- blessedness: a state of supreme happiness
- the action of rendering supremely blessed and extremely happy
I mention the term Beatification in the book I've been cuddling all evening. In the book, Beatification is all the people trapped in a dying world want, without knowing they actually want it. The concept of the word as used in the book refers to the release of the imaginary, fantasy world into the greater consciousness, through efforts to become published. Once a fantasy world is shared with and enjoyed by other people, the fantasy world is spared from being abandoned and forgotten by the Creator.
Tim and I placed separate orders for copies of this book. I placed a bulk order (to satisfy obligations for contests and such), and apparently that slowed fulfillment quite a bit. Tim ordered one copy. It was scheduled to arrive yesterday. When I got home, I checked all the standard places (mailbox, front door stoop) to see if it had come in while I was at work. No dice. So I settled in to try to calm my nerves.
The doorbell rang.
I blogged about expectations recently, and I feel the need to follow that up with what I was expecting to feel in this moment. Was it going to change how I saw myself? Was the notion of my immortality going to enter my head? Would I be proud, or humbled by the hard work so many people contributed to this process? Would I want to giggle and make everyone feel just as silly as me?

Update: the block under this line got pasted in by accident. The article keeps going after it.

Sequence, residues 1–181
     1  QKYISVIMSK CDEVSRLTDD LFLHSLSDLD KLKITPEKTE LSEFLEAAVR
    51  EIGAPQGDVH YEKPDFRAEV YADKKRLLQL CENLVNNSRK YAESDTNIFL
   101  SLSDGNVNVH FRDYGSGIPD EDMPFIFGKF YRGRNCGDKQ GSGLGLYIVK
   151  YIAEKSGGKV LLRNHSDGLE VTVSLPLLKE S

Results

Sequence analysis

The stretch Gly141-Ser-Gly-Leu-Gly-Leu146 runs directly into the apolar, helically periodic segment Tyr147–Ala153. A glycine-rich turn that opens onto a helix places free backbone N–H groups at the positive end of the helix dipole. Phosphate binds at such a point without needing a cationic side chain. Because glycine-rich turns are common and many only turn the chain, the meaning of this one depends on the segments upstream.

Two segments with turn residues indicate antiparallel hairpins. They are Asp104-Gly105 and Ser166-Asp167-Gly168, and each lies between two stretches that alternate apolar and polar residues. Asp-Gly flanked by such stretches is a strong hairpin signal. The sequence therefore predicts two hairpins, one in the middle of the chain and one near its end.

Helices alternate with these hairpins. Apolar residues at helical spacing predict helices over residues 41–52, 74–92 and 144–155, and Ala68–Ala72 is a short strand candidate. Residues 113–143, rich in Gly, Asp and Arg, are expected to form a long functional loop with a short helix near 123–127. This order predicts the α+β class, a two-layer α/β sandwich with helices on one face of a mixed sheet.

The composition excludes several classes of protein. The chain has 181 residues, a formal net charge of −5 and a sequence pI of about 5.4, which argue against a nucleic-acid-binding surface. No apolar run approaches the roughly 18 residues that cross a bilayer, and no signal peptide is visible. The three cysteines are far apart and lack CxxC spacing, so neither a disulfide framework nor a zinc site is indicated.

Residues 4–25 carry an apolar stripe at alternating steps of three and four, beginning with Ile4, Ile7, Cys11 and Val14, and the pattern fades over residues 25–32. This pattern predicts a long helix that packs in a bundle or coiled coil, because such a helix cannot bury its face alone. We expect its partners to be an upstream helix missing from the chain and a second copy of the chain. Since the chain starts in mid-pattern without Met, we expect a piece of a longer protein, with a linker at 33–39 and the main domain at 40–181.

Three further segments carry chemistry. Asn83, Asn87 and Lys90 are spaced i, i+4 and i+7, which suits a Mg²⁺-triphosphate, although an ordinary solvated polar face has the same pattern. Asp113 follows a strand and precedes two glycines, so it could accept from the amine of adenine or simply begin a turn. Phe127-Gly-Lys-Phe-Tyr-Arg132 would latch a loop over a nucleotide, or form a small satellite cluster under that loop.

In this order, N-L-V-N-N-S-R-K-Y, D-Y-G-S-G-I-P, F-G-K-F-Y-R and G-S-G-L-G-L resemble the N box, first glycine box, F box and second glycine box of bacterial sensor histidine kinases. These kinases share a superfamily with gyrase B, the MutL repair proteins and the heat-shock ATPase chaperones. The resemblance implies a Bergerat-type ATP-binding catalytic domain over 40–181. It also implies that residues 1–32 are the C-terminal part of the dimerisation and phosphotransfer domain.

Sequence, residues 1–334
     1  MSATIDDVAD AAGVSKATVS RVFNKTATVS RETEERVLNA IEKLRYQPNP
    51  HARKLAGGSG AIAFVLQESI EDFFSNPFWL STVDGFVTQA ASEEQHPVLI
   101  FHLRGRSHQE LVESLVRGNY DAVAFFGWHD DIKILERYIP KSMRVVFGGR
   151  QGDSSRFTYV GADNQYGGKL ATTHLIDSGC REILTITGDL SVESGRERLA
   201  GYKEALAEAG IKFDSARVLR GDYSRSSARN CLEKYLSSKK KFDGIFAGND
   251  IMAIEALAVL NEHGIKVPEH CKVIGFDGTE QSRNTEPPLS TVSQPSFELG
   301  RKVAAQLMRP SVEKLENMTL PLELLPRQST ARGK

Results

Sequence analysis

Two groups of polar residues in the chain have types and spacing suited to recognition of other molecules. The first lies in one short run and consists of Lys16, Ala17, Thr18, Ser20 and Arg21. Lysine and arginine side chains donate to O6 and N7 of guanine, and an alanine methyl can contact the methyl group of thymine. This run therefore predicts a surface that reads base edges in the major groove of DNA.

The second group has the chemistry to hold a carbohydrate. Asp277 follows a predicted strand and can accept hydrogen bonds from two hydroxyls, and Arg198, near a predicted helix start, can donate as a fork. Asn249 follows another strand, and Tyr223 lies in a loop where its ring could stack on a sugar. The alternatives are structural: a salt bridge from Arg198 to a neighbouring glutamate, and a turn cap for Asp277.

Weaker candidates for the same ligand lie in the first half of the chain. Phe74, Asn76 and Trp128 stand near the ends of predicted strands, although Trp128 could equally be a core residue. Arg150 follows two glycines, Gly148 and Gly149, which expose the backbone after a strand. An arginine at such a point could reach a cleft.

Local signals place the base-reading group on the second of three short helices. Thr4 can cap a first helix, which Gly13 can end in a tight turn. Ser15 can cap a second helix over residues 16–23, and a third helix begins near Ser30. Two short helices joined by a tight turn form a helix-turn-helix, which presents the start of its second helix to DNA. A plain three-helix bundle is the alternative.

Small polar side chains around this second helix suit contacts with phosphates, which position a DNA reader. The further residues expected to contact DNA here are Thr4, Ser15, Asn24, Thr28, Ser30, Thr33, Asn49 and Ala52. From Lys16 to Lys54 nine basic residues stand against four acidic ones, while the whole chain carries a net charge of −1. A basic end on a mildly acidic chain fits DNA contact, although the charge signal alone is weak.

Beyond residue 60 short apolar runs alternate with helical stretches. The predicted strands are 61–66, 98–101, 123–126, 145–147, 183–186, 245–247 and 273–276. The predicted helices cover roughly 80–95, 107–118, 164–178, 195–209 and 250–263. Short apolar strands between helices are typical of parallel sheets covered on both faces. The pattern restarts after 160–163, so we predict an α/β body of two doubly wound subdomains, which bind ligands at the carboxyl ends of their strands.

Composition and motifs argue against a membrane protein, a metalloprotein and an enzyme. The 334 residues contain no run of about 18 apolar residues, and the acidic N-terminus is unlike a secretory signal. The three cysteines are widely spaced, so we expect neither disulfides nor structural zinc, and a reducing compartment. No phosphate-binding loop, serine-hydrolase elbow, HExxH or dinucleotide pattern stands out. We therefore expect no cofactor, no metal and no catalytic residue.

I got up, and please don't think I'm being cheesy when I say that a dozen voices suddenly cropped up in my head. They were jubilant, celebrating with laughter and song. It made me a little dizzy. I met the UPS man at the door, and my heart skipped to see him holding the box with the sideways smile -- the Amazon.com box. I signed for it and took it inside.
It never even occurred to me to not open it. It was Tim's order, and we're not in the habit of opening mail or packages addressed to the other, but I knew he'd understand in this case. I was careful and slow, and the party in my head grew more complex.
Then I saw it, my book, the cover designed by my wonderful cousin staring back at me from its box. I smiled. I teared up. Oh, goodness, it was silly and clichéd and -- one of the most sublime and amazing moments of my life, because I knew right then, as I lifted the book out of the box and felt its girth, its solid presence in the real world, that I'd kept my promise to the characters I'd been building since childhood. They were liberated from the hidden places, the forgotten places, and were now Beatified, set free in the world to be known by readers.
You see, that sweet moment wasn't about me at all.
That is how I feel right now. It isn't that this is my shot at immortality, that my ISBN numbers (one e-book, one print) are recorded for posterity. It isn't that I'm no longer uncomfortable to call myself a writer when I'm introduced to new people. It isn't about me or how it affects me or how it makes me feel about myself.
Okay, that last part isn't true. I feel better about myself, but that's only because I kept an old promise. This whole experience, however, at its core, is about the people and creatures of Jaenrye.
Thank you from the bottom of my heart to those people who helped me make this happen: Liz Czukas, my beta reader (and a damned fine writer herself); Wilette Youkey (cousin first, kick-ass cover designer and writer second and third); Maggie Stewart-Grant (publisher and slave to words); Tim Heiser (husband and eternal supporter); and my dear friends in the Inkslingers and everywhere else.
It's time to party in Jaenrye. :)